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Delingpole: Trump Will Use Art of the Deal to Kill Paris Climate Treaty

President Trump’s latest moves on the Paris agreement are – depending on your point of view – either a masterstroke of realpolitik by a consummate dealmaker or a shameful fudge: he has decided to kick the can down the road by leaving the decision up to the Senate.

This isn’t, of course, what he promised on the campaign trail.

In May last year in North Dakota he was quite explicit:

We’re going to cancel the Paris Climate Agreement and stop all payments of U.S. tax dollars to UN global warming programs.

What he probably wasn’t banking on, though, when he made that commitment was that it wouldn’t just be the liberals and greenies he’d be battling – but also a significant chunk of his own administration.

Though his EPA chief Scott Pruitt and his advisor Steve Bannon were all for pulling out, everyone else in his inner circle – not just the inevitable Jared Kushner and Ivanka, but also Secretary of State Rex Tillerson and even Energy Secretary Rick Perry – were keen to stay in.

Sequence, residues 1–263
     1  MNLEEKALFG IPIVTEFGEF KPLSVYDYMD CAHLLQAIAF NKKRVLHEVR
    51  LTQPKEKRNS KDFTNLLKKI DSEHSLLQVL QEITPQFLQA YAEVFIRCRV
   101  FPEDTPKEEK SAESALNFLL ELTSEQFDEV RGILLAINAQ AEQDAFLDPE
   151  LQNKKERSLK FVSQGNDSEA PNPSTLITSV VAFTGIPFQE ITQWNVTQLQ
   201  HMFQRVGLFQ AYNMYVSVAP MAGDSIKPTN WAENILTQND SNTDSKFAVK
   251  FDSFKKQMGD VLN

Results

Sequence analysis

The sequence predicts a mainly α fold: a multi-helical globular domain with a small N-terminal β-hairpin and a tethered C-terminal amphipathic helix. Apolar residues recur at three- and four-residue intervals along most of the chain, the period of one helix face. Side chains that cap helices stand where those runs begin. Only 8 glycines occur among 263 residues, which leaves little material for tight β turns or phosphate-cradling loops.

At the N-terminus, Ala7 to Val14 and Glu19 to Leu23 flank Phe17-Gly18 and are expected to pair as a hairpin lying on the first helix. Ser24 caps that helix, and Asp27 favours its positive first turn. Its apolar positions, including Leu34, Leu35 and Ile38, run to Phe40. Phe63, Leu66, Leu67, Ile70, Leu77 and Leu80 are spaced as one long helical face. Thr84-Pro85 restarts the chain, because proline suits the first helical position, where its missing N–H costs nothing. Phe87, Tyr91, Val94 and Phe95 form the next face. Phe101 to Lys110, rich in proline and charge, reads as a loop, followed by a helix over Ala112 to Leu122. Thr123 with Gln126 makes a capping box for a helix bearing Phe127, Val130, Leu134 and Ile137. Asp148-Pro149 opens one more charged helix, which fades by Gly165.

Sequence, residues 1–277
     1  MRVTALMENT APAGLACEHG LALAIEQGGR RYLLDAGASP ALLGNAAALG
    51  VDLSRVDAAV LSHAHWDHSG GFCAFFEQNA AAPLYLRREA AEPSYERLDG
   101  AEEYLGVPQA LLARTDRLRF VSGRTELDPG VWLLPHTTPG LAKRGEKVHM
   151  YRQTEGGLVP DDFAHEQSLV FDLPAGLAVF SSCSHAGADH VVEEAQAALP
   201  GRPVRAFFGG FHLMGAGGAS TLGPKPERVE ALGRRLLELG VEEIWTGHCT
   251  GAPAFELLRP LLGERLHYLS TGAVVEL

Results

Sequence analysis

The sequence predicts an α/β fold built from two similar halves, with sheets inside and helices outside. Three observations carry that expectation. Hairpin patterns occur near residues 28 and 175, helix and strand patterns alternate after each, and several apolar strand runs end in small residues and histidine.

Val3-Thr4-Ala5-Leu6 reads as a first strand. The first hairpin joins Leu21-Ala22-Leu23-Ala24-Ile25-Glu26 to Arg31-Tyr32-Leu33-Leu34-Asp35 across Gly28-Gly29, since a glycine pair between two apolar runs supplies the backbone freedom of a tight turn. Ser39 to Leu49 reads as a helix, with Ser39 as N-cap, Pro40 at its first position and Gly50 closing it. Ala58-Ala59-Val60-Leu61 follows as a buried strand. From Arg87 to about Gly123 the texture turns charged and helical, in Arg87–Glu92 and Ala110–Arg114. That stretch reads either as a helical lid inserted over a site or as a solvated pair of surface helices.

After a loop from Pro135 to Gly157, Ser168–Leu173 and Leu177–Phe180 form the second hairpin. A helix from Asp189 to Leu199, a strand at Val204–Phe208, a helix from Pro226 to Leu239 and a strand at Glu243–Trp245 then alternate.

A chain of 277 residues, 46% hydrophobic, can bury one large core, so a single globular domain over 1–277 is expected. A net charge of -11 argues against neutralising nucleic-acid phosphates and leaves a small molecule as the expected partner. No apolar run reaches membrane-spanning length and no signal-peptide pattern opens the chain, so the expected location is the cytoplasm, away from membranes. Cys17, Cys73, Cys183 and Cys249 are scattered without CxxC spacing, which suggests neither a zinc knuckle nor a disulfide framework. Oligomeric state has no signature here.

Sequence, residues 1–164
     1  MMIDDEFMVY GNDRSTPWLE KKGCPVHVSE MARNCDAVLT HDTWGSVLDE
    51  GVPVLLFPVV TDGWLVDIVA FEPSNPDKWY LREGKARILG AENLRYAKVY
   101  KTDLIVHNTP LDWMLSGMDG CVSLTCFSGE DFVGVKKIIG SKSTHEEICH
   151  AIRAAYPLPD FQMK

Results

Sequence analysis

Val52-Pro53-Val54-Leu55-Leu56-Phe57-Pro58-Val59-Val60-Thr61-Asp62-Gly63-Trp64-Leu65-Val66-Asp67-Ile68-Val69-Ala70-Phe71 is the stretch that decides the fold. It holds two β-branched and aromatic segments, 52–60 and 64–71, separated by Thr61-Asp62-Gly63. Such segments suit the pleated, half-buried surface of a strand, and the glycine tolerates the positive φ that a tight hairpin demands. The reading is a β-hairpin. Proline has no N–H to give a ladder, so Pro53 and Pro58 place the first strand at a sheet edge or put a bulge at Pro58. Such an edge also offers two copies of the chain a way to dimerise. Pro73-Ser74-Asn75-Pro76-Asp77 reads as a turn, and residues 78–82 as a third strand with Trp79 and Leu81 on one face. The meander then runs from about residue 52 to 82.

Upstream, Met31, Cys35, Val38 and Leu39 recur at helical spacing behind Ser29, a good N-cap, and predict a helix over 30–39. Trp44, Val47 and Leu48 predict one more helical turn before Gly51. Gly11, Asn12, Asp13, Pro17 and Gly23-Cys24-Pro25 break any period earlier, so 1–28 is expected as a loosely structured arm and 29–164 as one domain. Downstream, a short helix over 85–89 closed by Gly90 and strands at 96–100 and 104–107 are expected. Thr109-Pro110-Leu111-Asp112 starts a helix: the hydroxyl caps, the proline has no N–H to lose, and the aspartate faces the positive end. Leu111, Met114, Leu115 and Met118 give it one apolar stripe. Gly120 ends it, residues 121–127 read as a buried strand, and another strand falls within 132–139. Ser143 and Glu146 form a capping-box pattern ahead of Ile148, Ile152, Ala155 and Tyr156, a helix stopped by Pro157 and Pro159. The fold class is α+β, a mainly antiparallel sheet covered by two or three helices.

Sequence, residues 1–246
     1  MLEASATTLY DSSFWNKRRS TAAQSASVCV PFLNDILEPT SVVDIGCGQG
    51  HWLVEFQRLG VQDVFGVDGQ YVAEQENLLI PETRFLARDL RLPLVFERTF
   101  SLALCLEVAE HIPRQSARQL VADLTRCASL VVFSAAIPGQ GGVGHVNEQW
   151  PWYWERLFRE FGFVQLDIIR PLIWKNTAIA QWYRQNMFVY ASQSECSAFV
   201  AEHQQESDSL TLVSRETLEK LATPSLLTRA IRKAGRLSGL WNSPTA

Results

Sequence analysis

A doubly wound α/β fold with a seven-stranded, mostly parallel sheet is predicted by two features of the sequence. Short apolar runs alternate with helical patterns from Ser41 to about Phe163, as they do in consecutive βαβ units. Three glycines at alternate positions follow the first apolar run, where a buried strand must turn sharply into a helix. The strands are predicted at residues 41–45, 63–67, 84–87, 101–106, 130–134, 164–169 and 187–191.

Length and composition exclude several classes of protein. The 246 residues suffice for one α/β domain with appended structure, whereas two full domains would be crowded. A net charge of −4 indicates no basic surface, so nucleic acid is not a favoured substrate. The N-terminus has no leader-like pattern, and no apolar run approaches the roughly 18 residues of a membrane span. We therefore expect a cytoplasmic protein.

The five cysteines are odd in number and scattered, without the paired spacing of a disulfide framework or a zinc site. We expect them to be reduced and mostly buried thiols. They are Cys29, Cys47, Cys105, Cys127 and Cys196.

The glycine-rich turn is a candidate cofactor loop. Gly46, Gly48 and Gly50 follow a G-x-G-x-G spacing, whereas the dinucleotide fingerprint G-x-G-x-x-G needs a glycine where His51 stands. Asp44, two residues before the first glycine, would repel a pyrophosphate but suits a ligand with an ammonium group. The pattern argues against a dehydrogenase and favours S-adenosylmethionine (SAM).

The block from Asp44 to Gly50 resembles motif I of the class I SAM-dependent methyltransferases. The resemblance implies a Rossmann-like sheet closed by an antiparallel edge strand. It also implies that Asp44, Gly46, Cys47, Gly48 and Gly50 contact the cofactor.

The compromise – declare the agreement a treaty then send it to the senate to be killed – was in the event, probably the best skeptics could have hoped for.

It’s not ideal: the UN climate agreement is anti-capitalist, un-American and based on the flimsiest of science. Nixing it straight would have been the equivalent of that MOAB attack on ISIS in Afghanistan: a demonstration of strength, commitment and clarity of purpose.

On the other hand, it was devised by some people on the right side of the argument – members of Trump’s not-remotely-tofu-eating EPA transition team. According to the Washington Times:

At an initial meeting of top staffers Tuesday, several memos and letters that were circulated laid out the options, including the treaty proposal put forth by Christopher C. Horner and Marlo Lewis Jr., senior fellows at the Competitive Enterprise Institute.

Under their vision, Mr. Trump could toss out Mr. Obama’s decision that the Paris accord was an executive agreement, declare it a treaty and send it to the Senate, where it would need a two-thirds vote for ratification.

If this is the kind of manoeuver that is necessary to frustrate the various greenie-corporatist-Democrat factions in the White House, then so be it.

The important thing is that, one way or another, the Paris climate agreement – or “treaty” as we must now learn to call it – is, as far as the U.S. is concerned, a dead duck.

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